• on Jan 23rd, 2012 in Ideas Worth Exploring | 7 comments

    A leading book on business strategy and innovation claims, “through innovation, business organizations can change the world.”

    A 2010 study on global postal innovation by Capgemini states “there is a general tendency among all postal operators to diversify by investments outside their core business (mail, parcel),” especially into the logistics and financial services areas. Among European operators, Poste Italiane, Swiss Post, Deutsche Post DHL (Germany), and Austrian Post, in particular, have increased their share of non-core business.

    Poste Italiane introduced the Postepay prepaid card at the end of 2003. Over 5.6 million customers in Italy have used this reloadable card, which allows them to make purchases and withdraw cash from ATMs. There is a one-time fee of €5 ($6.44) for opening the account and adding funds to the card or withdrawing money costs €1 ($1.29) at an Italian Poste.

    A number of other posts have made their own innovative marks. Canada Post in partnership with BackCheck, now offers ID verification at their locations. Post Denmark, working with financial partners, signed almost 3.5 million users for its eBoks digital mail service, almost 2/3 of the population. Austrian Post operates a banking network called PSK BANK, which has trained financial advisors at every postal branch and offers services including:

    • Free bank accounts.
    • High-yield insurance products such as retirement planning products.
    • Eastern European stocks.

    Share your thoughts in the comment section below.

    This blog is hosted by the Information Systems directorate.
  • on Jan 16th, 2012 in Delivery & Collection | 23 comments

    City and rural carriers deliver and pick up mail, including letters and packages. In addition, they are familiar figures who care about the people they serve, often helping in dramatic ways while making their rounds in neighborhoods 6 days a week. The U.S. Postal Service has many examples of carriers sending for help when senior citizens fail to collect their mail, alerting residents of fires, aiding accident victims, and even stopping burglaries.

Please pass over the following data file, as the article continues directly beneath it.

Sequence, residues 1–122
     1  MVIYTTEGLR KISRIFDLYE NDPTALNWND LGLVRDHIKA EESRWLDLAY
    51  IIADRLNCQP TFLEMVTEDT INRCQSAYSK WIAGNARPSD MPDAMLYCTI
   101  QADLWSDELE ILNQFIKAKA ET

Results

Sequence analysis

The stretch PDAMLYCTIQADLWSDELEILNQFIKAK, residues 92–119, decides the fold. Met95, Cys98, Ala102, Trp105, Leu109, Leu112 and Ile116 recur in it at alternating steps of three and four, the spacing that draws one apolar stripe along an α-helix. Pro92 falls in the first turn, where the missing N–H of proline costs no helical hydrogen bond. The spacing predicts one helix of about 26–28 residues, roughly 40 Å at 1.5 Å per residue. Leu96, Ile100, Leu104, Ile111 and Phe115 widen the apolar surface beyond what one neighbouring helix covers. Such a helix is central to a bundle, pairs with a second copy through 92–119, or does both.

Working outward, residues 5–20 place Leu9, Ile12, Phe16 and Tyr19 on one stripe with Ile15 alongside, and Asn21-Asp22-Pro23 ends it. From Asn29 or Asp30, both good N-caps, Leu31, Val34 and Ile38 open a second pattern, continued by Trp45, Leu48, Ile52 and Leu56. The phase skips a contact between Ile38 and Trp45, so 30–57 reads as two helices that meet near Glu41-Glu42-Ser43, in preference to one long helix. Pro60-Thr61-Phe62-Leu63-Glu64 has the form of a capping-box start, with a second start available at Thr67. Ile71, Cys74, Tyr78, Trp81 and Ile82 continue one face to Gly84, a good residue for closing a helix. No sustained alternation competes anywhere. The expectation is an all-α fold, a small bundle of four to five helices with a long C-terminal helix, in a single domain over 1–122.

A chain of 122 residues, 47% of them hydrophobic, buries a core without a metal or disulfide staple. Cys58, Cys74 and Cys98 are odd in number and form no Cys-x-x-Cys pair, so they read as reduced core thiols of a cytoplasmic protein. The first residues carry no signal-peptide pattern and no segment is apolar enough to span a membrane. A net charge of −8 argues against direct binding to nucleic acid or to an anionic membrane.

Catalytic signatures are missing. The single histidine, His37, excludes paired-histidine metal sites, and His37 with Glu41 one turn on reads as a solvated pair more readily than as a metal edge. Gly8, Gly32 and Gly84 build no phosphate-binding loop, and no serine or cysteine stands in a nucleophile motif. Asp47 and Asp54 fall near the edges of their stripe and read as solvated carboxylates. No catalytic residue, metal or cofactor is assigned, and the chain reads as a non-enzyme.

But what else can carriers do? Could they provide additional services because, after all, carriers and their vehicles are present 6 days a week in every neighborhood in the U.S.? Each potential service opportunity for carriers should be evaluated by three criteria: the investment required, the risk assumed, and the potential benefits that could be achieved. So, what are some other responsibilities that carriers can take on while delivering the mail that would result in a positive return on the Postal Service’s investment?

    How about:
    • Meter Reading.
    • Gathering data on road and weather conditions in metropolitan areas by placing Global Positioning System (GPS) devices in carrier vehicles.
    • Collecting Census Data.
    • Updating mapping components in metropolitan areas (new addresses, etc.).
    • Delivering other items besides mail. Right now, the Postal Service offers last mile delivery service to UPS and FedEx. Who else can benefit from this service?

    What do you think about carriers handling non-postal related tasks? Do you think the Postal Service should provide additional services that can be handled by carriers? In addition to the services listed what would you suggest? Please share your thoughts in the comment section below.

    This blog is hosted by the OIG's Delivery Directorate.
  • on Jan 9th, 2012 in Ideas Worth Exploring | 6 comments

    Traditional addressing systems rely on subjective identifiers like street names and business or residence numbers. These addressing systems have generally offered the U.S. and many foreign postal services an effective means to identify pickup and delivery locations. However, recent technological innovations related to digital mapping have led some to consider the adoption of an addressing system based on geocodes.

    Unlike traditional postal codes, such as a ZIP code, a geocode is not a subjective descriptor, but a series of letters and/or numbers based on the physical location, or latitude and longitude coordinates, of a business, residence, or even point of interest. For example, under a geocode system, location of the USPS OIG headquarters may be identified by a single number such as 35602.1092.4393 which contains information about the latitude (38° 53' 45.996") and longitude (-77° 4' 14.6784“) of the building.

    Developing a geocode addressing system could have many benefits. Notably, it could provide every location in the world an internationally unique and permanent “address”. Such a system has important economic implications. Beyond supplying a physical address to residents and businesses located in countries without addressing systems, a common global standard could greatly facilitate international communications and transactions.

    This is particularly true as e-Commerce continues to grow across borders and the need for an addressing system that transcends national mailing standards and cultural and language barriers becomes more apparent. A geocode system may also complement the traditional street address system by providing more precise location information in cases where the location to which a package is to be delivered does not have a unique address, such as a specific room or cubicle.

    What do you think? Would geocoding improve the current address system?

    This blog is hosted by the OIG’s Blog Team.

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